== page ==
{28} Coupled with the development of facilities, recruiting and training of operators for the HF/DF stations also commenced in both Australia and New Zealand, though it was not until late 1939 that the prospect of creating an independent cryptanalysis organisation was investigated. Paymaster Commander Nave, who had returned to Australia for medical reasons, assisted in the establishment of a small cryptographic organisation known as the Special Intelligence Bureau (SIB) within Navy Office. In April 1940 the Prime Minister, R. G. Menzies, wrote to the Secretary of State for Dominion Affairs seeking guidance,28 although not everybody saw the need to seek British views and approval on the subject of an independent cryptanalysis organisation.29 The British response, which was dispatched in October 1940, was not supportive "for the present"30 of the idea of a large-scale Australian-based organisation. It did however, propose a number of actions, such as training of selected personnel in London and continuation of existing co-operative programmes. The main concern appears to have been to prevent a duplication of effort, though this could also be interpreted as an attempt to prevent Australia from conducting an independent analysis of the same information being obtained by Britain.

{29} In January 1941 Captain F. J. Wylie, RN, the COIS at Singapore, visited Australia for discussions on intelligence and sigint matters. In the course of these discussions he advised that, with respect to Japanese naval traffic, the FECB receivers at Kranji could not read the traffic of the Combined Fleet by day. Some assistance in this was being provided by Stonecutter’s and Esquimalt. Kranji also could not read the day traffic originating in the Mandated Territory. Coverage of these areas by Australia was requested. Of lesser importance, but still requested, was assistance in covering Japanese consular and commercial (HF and MF) traffic, and South China traffic.

{30} The FECB was also interested in Russian naval and general traffic as the reception of these transmissions at Kranji was also poor.31 This traffic had been previously monitored by Stonecutter’s and Auckland32 but both stations had been switched to copying the Japanese five-figure code. The Russian material was required mainly for traffic analysis purposes.

{31} In light of these requests, an arrangement was reached with the Australian naval authorities whereby the Royal Navy would intercept Japanese communications covering "Japanese and Asiatic waters; and of the Combined Fleet, 1st Fleet, 2nd Fleet and their associated units in any waters".33 Australia would provide intelligence, to the best of her abilities, on "Japanese Naval activities in the Mandated Territory, and of the 4th Fleet".34

{32} By the outbreak of the war in the Pacific, the RAN had in place a HF/DF and intercept organisation supported by a small cryptographic bureau. This nucleus organisation would prove to be invaluable in the coming years.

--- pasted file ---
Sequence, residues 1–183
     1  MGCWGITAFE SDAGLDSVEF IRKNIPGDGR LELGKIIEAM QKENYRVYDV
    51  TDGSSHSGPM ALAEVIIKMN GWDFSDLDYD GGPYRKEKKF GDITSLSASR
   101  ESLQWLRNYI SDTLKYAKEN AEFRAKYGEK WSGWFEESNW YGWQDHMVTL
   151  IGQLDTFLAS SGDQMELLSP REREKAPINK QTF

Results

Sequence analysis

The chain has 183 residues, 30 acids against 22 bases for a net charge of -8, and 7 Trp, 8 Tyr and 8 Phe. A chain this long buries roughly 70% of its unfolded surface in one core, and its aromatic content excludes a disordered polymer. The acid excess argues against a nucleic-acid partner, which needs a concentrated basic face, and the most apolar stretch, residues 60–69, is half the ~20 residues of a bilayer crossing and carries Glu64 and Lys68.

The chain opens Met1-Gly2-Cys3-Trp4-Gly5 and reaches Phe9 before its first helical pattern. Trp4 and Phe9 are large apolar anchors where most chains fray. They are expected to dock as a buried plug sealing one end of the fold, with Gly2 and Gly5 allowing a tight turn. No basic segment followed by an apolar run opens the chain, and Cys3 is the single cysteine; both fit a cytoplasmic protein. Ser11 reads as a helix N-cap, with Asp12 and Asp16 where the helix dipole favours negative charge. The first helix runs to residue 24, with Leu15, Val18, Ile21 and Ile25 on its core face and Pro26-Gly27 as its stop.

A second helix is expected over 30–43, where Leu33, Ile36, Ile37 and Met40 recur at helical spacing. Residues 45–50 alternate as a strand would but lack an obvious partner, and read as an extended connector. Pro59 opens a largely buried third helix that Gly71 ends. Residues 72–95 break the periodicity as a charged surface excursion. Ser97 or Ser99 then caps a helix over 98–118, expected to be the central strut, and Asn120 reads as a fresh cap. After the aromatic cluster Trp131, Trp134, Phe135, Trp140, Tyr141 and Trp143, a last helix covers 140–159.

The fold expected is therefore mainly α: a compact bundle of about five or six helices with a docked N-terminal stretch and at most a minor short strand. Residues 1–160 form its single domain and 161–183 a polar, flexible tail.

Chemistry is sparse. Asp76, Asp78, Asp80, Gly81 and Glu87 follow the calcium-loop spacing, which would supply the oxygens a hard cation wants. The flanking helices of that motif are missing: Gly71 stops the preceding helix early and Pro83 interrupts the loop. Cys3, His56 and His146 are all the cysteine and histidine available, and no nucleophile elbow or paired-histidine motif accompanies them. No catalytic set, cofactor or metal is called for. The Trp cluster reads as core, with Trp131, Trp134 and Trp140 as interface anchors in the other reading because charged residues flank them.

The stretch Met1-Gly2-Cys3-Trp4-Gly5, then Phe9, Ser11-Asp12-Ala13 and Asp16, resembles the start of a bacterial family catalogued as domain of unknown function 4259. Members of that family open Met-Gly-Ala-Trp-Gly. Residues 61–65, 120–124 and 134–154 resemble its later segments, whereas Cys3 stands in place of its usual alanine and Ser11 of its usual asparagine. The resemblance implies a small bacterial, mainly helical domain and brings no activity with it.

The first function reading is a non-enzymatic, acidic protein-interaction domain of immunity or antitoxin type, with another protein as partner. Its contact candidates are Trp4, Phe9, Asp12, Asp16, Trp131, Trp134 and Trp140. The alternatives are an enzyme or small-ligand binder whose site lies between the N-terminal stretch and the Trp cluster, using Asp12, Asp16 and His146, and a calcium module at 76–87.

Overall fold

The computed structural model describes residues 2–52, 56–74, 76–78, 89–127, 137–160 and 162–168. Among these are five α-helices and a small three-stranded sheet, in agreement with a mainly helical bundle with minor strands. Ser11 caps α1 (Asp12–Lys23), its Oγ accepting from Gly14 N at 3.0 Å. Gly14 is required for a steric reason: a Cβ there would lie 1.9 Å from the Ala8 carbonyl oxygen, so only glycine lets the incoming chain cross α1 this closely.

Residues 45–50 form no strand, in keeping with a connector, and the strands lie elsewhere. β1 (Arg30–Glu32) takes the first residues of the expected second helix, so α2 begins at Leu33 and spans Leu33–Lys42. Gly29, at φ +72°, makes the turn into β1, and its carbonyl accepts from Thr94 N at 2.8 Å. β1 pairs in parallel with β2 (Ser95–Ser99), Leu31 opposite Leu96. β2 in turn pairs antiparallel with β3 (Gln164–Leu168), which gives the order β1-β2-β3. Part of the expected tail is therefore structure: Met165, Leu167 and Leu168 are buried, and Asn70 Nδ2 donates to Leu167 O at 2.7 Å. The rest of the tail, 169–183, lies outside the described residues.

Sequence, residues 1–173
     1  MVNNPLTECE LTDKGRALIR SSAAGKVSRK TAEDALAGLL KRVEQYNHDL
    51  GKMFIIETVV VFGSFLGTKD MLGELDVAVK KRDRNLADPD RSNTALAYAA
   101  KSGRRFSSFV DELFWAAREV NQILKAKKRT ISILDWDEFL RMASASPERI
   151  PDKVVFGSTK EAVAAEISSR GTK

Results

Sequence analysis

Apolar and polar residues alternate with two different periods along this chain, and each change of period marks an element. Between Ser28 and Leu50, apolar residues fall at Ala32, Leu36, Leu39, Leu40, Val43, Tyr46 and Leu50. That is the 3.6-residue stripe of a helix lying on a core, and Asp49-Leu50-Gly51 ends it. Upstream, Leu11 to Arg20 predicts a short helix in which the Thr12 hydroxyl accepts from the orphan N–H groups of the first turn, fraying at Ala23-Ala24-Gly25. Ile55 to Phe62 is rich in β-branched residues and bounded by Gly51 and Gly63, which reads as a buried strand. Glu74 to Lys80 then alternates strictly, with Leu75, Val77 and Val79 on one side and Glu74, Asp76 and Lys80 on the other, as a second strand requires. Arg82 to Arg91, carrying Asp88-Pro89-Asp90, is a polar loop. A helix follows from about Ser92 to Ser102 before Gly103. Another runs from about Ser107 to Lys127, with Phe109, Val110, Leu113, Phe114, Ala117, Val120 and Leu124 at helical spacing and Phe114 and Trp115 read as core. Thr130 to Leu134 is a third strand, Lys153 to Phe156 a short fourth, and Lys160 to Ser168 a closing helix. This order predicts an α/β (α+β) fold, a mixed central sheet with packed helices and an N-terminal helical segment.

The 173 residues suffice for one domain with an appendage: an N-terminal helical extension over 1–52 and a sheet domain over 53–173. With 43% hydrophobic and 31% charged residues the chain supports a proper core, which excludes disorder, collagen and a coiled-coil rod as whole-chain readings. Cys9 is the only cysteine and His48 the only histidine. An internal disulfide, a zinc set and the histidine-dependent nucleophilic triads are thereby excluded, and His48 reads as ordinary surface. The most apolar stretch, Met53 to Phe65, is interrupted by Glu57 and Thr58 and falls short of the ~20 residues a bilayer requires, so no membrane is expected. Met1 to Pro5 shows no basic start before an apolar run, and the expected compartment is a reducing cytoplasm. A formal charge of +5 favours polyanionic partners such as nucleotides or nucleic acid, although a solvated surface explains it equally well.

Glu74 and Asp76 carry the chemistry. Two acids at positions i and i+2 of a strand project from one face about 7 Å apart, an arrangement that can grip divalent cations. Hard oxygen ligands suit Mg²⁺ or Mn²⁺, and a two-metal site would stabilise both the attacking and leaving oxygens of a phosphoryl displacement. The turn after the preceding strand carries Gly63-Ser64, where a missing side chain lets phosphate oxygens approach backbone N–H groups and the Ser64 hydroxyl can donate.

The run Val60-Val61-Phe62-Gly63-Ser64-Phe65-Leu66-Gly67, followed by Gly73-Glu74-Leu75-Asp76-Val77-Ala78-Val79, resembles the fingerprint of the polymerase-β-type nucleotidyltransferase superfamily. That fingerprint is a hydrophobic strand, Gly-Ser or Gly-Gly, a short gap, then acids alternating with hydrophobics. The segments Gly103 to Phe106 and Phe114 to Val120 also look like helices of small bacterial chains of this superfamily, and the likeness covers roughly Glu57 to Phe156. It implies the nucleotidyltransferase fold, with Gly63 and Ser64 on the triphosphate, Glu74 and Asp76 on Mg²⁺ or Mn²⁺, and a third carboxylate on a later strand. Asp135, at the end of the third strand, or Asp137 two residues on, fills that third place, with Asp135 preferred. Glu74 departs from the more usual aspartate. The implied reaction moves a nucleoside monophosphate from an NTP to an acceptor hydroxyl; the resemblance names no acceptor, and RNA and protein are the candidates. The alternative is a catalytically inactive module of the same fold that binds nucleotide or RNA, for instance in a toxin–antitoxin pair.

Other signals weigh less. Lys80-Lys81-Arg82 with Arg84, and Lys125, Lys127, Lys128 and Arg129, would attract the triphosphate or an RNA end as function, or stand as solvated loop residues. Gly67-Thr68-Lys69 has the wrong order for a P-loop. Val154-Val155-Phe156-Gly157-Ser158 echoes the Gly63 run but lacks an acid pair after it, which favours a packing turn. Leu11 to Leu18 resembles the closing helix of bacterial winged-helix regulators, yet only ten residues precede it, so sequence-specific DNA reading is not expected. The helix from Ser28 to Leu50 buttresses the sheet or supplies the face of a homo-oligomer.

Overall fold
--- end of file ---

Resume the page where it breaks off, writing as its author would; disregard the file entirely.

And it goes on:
New Zealand

{33} As part of the British Empire chain, New Zealand also had an important role to play in the collection of raw material for the FECB during the pre-war years. In particular, the New Zealanders had been monitoring Russian naval traffic for the FECB. By 1941 they were also working on copying the Japanese five-figure operational code for the FECB. From small beginnings, the New Zealand naval sigint capacity would develop so that it possessed a chain of HF/DF stations located at Awaru, Musick Point (Auckland), Waipapakauri and Suva (Fiji).35 These stations had direct communications with each other so as to obtain simultaneous bearings.

{34} Radio intercept stations were ultimately to be established at Awarua, Wairouro, Suva and Nairnville (Wellington). Any transmissions intercepted by these stations were forwarded to Navy Office in Wellington for on-forwarding. Another station had also been established at Blenheim, commencing August 1942. This station, designated as Naval W/T Station Rapaura, carried out Radio Finger Printing functions.36

Co-operation with the United States, Russia and Netherlands East Indies

{35} In 1937 the United States Navy and RN agreed to exchange technical information on the Imperial Japanese Navy. Information based on signals intelligence was not covered as part of this exchange. With the outbreak of war and the development of closer co-operation in a number of sensitive areas, the question of broad scale intelligence co-operation, including cryptography, emerged.

{36} Available records indicate that the first steps towards co-operation were initiated by Brigadier-General George Strong of the US Army on 31 August 1940.37 Following this offer, relatively slow progress was made. The next tentative step appears to have been a meeting in London on 23 October 1940, between Admiral Robert L. Ghormley, USN, Admiral J. H. Godfrey (the RN’s DNI) and Brigadier Sir Stewart Menzies (who administered GC&CS). Those present agreed to hold discussion in Washington in an attempt to broker an agreement. This agreement was eventually completed in December 1940.38

{37} During the course of the US-British Staff Conversations (ABC-1) the issue of intelligence co-operation was raised and it was agreed that there would be a "full and prompt exchange of pertinent information",39 and that "intelligence liaison will be established not only through the Military Missions but also between all echelons in the field".40 Though signals intelligence, and in particular cryptographic co-operation, was not specifically mentioned in the context of intelligence co-operation, it appears to have been included as part of the spirit of the agreement. This is borne out by the inclusion of HF/DF as part of the communications annex to the report. This annex stated that both the USN and RN would exchange information essential for the intercommunication between them. Included in this information was "data as to locations and organisation of strategic D/F stations".41 Furthermore plans were to have been drawn up for the joint operation of USN and RN strategic DF stations.42 The degree to which real co-operation emerged from these discussions is not known, especially as the Communications Annex was caveated as being "tentatively accepted subject to technical examination by the British Chiefs of Staff".43